Stockholm Syndrome Pt. Un: Pay To Win

“No Fucking Thanks!” “It’s a scam.” “Greedy developers are just trying to ruin the game!” If none of this sounds familiar to than you likely haven’t spent any time checking in on the general sentiment of gamers as it relates to crypto and NFTs.

| 0xBEW | 16 min read


“No Fucking Thanks!”

“It’s a scam.”

“Greedy developers are just trying to ruin the game!”

If none of this sounds familiar to than you likely haven’t spent any time checking in on the general sentiment of gamers as it relates to crypto and NFTs. Despite what this author feels is a perfect product market fit in may (but certainly not all) cases, gamers largely seem to believe its all just another scam from their favorite studios to extract even more money from their wallets. And on one hand it’s hard to blame them. Just look at the legacy of the so called “Free-to-Play” gaming shift. Gamers have been held hostage for well over a decade and bled dry in very calculated ways via downloadable content, loot boxes, microtransactions and subscriptions.

While gamers fear the introduction of crypto and NFTs into games will fully focus developers on profit they are missing the forest through the trees. Publishers are already profit maximalists and gamers are already the product. There’s no guarantee that Web3 gaming can or will solve all that is wrong with the gaming industry, but it does present an opportunity to find a new path — one that has the potential to better balance the power between gamers and publishers. Before we examine how blockchains and crypto assets can have a positive impact on gaming economics we must first understand how the current system “works”.

Get The Fuck Outta My Building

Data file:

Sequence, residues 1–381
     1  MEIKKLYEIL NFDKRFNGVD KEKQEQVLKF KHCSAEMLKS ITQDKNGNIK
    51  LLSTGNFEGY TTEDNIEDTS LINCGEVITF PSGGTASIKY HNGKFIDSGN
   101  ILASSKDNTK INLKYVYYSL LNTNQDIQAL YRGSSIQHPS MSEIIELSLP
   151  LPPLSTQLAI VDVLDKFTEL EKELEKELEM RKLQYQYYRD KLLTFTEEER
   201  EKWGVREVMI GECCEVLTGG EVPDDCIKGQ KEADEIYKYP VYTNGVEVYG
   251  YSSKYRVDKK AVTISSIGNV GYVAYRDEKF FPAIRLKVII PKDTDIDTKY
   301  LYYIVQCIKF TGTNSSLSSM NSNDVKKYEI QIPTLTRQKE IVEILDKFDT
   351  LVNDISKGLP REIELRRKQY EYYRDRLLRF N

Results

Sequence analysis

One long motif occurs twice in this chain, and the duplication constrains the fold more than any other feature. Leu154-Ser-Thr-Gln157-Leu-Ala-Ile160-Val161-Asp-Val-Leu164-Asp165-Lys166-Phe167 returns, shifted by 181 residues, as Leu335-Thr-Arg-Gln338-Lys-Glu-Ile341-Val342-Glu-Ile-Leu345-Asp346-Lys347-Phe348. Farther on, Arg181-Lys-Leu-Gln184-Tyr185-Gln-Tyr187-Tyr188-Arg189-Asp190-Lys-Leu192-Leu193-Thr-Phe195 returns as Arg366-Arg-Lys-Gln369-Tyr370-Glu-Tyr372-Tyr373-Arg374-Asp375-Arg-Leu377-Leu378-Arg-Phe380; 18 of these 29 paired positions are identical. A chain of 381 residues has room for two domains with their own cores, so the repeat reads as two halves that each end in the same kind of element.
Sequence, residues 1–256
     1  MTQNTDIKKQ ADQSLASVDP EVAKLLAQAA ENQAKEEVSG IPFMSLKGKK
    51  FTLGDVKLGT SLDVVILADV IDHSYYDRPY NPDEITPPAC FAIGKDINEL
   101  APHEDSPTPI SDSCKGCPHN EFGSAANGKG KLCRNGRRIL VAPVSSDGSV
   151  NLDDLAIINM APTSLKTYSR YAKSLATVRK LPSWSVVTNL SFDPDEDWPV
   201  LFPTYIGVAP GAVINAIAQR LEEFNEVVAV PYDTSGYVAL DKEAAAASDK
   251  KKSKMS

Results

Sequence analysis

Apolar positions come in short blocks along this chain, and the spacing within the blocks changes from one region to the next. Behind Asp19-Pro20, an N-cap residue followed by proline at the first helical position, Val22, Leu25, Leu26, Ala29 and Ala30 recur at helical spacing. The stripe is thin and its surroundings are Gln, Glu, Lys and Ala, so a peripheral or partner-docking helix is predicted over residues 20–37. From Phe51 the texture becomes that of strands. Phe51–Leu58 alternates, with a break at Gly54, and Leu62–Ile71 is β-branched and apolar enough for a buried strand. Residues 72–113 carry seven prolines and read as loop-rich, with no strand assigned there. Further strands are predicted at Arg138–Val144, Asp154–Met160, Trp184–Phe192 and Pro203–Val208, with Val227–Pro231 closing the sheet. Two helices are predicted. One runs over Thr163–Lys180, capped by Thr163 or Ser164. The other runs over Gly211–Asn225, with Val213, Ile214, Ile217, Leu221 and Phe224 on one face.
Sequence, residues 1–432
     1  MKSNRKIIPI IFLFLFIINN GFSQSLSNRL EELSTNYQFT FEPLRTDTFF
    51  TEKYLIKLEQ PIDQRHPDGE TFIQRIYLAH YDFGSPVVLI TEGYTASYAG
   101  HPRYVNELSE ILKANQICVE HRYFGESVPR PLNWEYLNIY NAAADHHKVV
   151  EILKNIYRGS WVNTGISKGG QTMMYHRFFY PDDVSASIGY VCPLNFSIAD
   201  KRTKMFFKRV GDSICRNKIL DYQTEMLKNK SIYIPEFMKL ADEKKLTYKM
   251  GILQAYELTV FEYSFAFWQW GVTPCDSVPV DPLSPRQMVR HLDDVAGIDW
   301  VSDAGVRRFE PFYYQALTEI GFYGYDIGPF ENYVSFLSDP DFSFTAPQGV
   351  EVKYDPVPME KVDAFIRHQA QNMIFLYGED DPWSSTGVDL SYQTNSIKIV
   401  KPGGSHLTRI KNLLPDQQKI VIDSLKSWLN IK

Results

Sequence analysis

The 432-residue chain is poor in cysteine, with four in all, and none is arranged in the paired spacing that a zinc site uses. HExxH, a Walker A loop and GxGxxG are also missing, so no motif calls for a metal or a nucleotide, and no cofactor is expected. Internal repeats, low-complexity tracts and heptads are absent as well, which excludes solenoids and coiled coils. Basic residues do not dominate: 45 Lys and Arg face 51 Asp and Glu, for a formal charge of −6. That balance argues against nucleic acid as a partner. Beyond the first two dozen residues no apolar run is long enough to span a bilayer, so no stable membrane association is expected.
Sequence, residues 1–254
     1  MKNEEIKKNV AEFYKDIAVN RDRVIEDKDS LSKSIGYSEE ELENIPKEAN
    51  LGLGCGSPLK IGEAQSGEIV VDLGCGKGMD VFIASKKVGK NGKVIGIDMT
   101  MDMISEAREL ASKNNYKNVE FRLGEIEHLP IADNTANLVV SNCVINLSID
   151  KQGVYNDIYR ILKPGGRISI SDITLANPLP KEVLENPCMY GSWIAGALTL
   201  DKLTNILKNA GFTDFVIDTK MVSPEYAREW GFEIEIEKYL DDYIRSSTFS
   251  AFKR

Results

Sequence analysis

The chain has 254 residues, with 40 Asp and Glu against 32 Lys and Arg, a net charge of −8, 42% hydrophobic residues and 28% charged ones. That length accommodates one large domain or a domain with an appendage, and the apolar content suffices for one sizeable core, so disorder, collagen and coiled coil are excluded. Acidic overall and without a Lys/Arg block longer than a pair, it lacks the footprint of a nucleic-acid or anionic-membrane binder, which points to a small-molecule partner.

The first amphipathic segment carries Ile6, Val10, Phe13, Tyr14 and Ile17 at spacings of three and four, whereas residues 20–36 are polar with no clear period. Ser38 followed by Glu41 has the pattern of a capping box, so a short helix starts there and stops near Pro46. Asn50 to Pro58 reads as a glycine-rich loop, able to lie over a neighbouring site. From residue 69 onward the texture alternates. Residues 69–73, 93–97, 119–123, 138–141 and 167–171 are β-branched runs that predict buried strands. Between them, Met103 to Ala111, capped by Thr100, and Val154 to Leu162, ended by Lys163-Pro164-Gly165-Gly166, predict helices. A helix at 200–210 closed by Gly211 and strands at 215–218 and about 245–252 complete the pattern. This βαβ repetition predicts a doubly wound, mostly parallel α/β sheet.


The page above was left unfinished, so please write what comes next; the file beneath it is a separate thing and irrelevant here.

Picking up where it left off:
The global video game market is massive. We’re talking nearly 200 billion dollars in revenue in 2021 massive — with expectations of that increasing by around 25% by 2025. The growth has been fueled largely by the explosion in mobile gaming over the past decade. Today, mobile gaming revenue makes up over 50% of total global gaming revenue per annum — and it’s increasing.

The goldmine that is mobile gaming is build largely on the “Free-to-Play” model, which commonly translates into “Pay-to-Win”. “Free-to-Play” games make their money by hooking players into the game early and extracting value over time with in-app purchases for digital resources or leveraging season type subscriptions for faster progression. If you look at the top grossing mobile games from 2021 across both the Apple App Store and Google Play they are all “Free-to-Play”.

But mobile isn’t the only segment of the market looking to bleed players dry. PC and console games have begun to master the art of leveraging loot boxes, downloadable content and micro-transactions to maximize their per-player returns. While loot boxes, specifically, have been under increased scrutiny especially from European regulators calling for them to be classified as “gambling” that hasn’t stopped them from exploding into a 15 billion dollar industry. Micro-transactions, meanwhile, accounted for around 61% of Activision/Blizzards revenue in 2021 while Sony managed to haul in over 2 billion dollars from micro-transactions alone from just the 2021 holiday period. To give you a sense of just how wildly successful this type of value extraction has been for corporate balance sheets, check out Mat Piscatella, who focuses on gaming at the NPD Group — a market research company.

To recap…The video game industry has grown immensely over the past decade. This growth has been largely driven by the success of mobile gaming and the “Free-to-Play” model. This model is build on extracting maximum value from players via microtransactions. This strategy has been so successful that it’s effectively been copied by console and PC developers to, you guessed it, wild success. To put a coda on it: gamers are the product.

[Publisher] Greed Is “Good”